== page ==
Your agency just landed a hot new startup as a client and they’re eager to start a comprehensive content marketing program to build their brand. Even better, their app is quickly becoming the new go-to for crowd sourcing the latest happenings, be that a pop-up restaurant in New York City’s Lower East Side or a secret EDM concert in LA’s warehouse district. If you wanted to build your client’s brand (and ultimately increase their sales), who would you target with your content marketing program?
Based on that short description, you may already be thinking about a target customer: Millenials (18 to 34) who are concentrated in urban areas, active on social media, early adopters of technology, and vocal brand enthusiasts. In essence, you’ve already started creating what’s known in the marketing and sales world as a “buyer persona.”
A buyer persona is a semi-fictional representation of your ideal customer. It’s based on customer demographics (e.g. age, annual income, geographic location) as well as behavioral patterns, goals and motivations. The more detailed you are when creating buyer personas, the closer you’ll come to honing in on the exact target audience. Buyer personas are more than just a collection of characteristics, however; these personas are also all about motivation and action. Buyer personas answer two questions: who is my target customer and what does it take to convince/motivate them to make a purchase? The reasoning behind your choice is important.
If you’re not currently using buyer personas to help shape content marketing strategy for your agency’s clients, you should. Follow these three easy steps to get started:
#1: Start with the data. I opened this blog with an example of an app dedicated to unearthing the events, places and experiences trending near its users. While Millenials clearly come to mind as the target user, Millenials are a pretty wide demographic encompassing everyone from an awkward 18-year old just starting college to a sophisticated 28 year-old fashion PR associate. Don’t assume you know who would (or would not) be in your client’s target buyer persona until you’ve really drilled into the existing analytics.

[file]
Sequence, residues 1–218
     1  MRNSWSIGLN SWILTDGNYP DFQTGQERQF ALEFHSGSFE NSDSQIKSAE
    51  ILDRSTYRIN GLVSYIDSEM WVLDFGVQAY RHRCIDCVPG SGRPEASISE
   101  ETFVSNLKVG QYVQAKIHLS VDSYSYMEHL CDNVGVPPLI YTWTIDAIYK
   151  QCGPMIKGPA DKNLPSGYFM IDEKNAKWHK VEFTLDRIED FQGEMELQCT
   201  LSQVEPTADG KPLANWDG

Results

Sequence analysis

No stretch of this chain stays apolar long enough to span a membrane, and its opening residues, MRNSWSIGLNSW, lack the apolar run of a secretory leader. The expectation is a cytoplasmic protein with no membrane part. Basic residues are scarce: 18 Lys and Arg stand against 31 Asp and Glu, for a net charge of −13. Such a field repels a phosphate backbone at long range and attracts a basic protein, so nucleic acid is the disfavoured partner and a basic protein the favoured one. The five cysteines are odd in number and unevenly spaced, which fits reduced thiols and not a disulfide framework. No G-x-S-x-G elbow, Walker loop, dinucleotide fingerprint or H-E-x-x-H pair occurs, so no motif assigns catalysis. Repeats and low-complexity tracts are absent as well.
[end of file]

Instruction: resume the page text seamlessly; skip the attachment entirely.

#2: Go where your audience is. If your client wants to launch a major social media campaign on Facebook, be sure your team project management includes a review of the target buyer persona’s preferred social media channels. It could turn out that the buyer persona just isn’t that into Facebook anymore, but can’t get enough of Instagram. Buyer personas help you hone in on the target marketing channels that are most appropriate for your content marketing programs.
#3: Test and refine. Developing buyer personas is a dynamic process requiring you to test, re-test and test some more. By measuring and aggregating data, you can better refine your client’s buyer personas, including how they act, click, share, like, recommend and, ultimately, make a purchase.
The brands that a buyer persona champions are part reflect their lifestyle, values and aspirations. Nail your client’s buyer personas, and your agency will be one step closer to sending the right message on the right channel at the right time for a higher ROI on your client’s marketing expenditures. That’s a win for everyone.
Erin M is a freelance writer with a strong understanding of agency-specific needs available for projects at WriterAccess.